Tuesday, July 28, 2009
OK, I stop complaining how I'm NOT posting regularly anymore. It seems Facebook has taken over my posting, but I think this is still important to continue... Anyway, the above picture is the new Augmented Violin glove, this time designed by a professional fashion designer in NYC named Mark Salinas. I played a concert at the Issue Project Room a few weeks ago, where I debuted this new design. In March, I performed at the Merkin Hall in NYC, in a concert I helped curated for the Music From Japan festival 2009. Mark was in attendance and saw my DIY glove; he approached me and proposed to design it. My "DIY" glove was seeing its limit: it was made of too-soft lace that kept getting loose (that I had to put a rubber band around my wrist), and the black balloons that housed the sensor/batteries kept sliding off, once during a concert. I had never worked with fashion professionals before, and this is such a wonderful discovery that really made my year. I appreciate the aesthetics and discipline of design so much, and have such respect for designers how they go about the process of constructing a project from scratch. In my case, Mark had to take in account that my index finger and my middle finger CANNOT be fixed together (to hold the bow and play flexibly), nowhere on my hand can feel too tight, nothing should be shaking, sensors have to be fixed on the right spot etc. etc. He did all that and this is our first prototype. A new friend I met through Dave Soldier's concert also at IPR, Cellist Ha-Yang Kim suggested that I need STUDS :) and Mark came up with sewing sequin that would sparkle, and also stay fixed without being glued. The fabric is a thin spandix, and it fits perfectly, not too tight, not too loose. I could perform my non-computer music pieces without even thinking about it, as 4 out of 5 of my right hand fingers are uncovered. I would really like to thank Mark and again, it was such a pleasure working with him.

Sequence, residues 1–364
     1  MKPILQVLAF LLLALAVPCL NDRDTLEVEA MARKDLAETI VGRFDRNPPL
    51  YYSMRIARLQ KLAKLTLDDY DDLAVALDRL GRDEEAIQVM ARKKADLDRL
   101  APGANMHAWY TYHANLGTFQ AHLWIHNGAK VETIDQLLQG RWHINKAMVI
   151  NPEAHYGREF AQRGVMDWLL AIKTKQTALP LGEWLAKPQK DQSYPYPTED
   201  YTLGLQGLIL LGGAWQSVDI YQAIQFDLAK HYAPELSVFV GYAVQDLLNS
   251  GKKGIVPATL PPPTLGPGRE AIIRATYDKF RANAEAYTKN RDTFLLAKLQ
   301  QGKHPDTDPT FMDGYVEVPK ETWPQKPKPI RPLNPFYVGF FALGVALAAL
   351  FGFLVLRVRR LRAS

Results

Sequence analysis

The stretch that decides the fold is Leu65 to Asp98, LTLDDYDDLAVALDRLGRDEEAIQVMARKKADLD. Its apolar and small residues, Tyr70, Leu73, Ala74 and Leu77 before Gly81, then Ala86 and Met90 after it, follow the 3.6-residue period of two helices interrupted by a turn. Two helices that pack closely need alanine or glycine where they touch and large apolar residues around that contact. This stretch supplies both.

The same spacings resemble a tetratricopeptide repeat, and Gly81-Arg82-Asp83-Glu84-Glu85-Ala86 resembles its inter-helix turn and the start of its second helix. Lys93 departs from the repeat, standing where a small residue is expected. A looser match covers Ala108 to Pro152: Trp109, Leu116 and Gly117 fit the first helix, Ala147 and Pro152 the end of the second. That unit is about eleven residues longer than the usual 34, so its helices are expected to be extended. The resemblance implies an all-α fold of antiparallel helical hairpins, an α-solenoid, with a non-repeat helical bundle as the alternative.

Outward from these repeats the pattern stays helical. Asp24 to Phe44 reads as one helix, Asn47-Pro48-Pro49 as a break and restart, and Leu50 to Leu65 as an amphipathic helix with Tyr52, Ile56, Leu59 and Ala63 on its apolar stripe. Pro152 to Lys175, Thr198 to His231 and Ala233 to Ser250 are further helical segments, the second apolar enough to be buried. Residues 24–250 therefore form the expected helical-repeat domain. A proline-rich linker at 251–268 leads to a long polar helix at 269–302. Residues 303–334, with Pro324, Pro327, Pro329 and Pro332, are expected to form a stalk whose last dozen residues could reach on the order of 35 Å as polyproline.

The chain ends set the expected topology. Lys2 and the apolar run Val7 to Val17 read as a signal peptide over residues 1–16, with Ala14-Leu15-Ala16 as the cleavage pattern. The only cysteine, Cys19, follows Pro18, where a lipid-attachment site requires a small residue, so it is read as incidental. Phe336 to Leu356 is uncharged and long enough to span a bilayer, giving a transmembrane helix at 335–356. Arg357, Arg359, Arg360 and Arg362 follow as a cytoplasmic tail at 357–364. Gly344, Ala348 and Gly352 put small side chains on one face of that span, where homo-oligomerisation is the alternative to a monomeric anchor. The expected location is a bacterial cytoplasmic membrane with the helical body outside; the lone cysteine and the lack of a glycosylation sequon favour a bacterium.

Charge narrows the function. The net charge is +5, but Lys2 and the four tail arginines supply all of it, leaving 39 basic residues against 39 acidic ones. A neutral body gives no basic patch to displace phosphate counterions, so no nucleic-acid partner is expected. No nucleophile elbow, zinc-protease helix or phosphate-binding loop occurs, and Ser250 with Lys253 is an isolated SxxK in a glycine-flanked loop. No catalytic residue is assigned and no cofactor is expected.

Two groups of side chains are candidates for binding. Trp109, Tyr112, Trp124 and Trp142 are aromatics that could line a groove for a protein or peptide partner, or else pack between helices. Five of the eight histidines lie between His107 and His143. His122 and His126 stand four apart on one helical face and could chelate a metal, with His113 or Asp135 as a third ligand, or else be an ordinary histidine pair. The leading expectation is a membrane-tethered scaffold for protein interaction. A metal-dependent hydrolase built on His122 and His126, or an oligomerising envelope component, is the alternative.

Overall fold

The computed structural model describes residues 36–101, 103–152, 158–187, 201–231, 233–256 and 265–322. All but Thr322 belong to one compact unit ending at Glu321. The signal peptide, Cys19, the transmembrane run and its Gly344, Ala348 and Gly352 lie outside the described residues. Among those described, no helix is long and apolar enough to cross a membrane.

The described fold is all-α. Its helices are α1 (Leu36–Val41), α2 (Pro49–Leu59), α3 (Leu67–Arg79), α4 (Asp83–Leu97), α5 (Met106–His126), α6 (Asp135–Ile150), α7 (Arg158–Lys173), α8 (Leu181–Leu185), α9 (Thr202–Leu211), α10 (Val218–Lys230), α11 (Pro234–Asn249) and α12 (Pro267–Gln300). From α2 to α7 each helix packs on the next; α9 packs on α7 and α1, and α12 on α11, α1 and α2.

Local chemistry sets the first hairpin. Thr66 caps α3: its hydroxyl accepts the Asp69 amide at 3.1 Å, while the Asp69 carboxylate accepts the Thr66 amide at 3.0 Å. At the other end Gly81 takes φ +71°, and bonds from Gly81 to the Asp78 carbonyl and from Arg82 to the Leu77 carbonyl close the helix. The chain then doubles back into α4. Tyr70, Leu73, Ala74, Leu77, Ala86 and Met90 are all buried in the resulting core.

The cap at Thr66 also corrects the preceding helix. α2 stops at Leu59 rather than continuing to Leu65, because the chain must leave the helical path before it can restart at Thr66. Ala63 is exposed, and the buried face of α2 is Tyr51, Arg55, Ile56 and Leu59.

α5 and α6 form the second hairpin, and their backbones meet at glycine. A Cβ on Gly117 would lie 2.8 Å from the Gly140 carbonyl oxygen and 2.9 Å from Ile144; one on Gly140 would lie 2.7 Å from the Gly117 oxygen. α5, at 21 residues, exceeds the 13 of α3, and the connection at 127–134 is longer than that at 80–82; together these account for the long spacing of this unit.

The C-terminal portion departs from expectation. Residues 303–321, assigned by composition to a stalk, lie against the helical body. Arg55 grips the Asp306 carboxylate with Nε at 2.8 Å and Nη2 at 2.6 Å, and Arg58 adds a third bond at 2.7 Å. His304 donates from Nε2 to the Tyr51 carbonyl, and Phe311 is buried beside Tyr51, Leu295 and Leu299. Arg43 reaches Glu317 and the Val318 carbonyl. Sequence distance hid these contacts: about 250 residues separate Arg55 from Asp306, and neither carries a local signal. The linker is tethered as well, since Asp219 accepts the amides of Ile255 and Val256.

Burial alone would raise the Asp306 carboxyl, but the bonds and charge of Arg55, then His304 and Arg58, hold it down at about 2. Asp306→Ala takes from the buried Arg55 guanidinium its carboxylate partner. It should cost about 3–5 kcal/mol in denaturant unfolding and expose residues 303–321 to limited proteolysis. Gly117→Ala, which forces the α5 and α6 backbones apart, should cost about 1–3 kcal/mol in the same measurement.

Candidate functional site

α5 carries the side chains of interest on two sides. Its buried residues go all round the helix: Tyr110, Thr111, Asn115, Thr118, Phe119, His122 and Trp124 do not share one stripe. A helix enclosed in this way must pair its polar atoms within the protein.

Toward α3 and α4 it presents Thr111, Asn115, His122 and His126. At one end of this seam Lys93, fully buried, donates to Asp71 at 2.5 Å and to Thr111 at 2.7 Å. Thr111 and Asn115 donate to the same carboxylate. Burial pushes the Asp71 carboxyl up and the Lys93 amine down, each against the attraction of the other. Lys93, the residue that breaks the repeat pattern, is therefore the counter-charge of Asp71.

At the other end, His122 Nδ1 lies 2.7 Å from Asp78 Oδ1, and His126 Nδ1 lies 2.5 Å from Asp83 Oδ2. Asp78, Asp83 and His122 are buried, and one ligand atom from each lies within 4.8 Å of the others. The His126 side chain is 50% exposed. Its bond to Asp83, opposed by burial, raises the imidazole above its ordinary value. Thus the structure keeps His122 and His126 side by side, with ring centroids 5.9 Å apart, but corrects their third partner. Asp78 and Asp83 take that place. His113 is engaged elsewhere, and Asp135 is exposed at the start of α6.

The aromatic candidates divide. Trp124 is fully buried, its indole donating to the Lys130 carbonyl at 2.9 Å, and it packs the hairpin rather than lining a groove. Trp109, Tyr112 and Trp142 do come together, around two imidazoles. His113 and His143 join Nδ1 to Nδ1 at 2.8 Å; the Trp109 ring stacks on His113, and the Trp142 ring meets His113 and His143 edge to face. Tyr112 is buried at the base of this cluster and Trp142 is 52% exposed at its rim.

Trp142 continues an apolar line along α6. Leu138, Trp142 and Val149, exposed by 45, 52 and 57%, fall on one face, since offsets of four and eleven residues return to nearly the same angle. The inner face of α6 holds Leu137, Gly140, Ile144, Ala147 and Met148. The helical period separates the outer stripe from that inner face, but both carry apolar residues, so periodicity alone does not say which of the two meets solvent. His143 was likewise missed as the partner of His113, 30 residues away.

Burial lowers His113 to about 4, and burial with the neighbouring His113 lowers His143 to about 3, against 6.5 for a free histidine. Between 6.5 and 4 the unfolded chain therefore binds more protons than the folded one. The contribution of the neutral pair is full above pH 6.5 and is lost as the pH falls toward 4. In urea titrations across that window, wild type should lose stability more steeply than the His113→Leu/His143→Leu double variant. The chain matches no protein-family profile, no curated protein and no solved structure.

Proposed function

ps. Regarding the previous entry on the STRINGS magazine article about Jean-Claude Risset's Violin Concerto "Cadenza" I wrote using Subharmonics, the wonderful music editor Graham Pellettieri patiently worked with me and this is what we came up. I didn't want to make this into a 2-stave system, but with the concert pitch, fingering positions and different kinds of subharmonics it was too complicated and had no choice. I think this is the clearest option and I am so grateful for all the support. You can read the entire article here and see the entire score here and here.
Thursday, January 29, 2009
AGAIN! The last entry is October last year, since then we have a New Era, the Obama Era. I watched the Inauguration with colleagues and students at Juilliard's concert hall projecting live CNN (after all Itzhak Perlman, a faculty performed). Everyone stood up for national anthem, adding multiple chords. It was a joyous but solemn event and I saw some students crying. I have pitch-tracked Obama's various speeches for fun and interest. His oratory is very pitch and time based--very musical, I find :) The best one musically so far is still that 2004 DNC keynote speech, the "Audacity of Hope" speech. Anyway I am very happy for my two American children.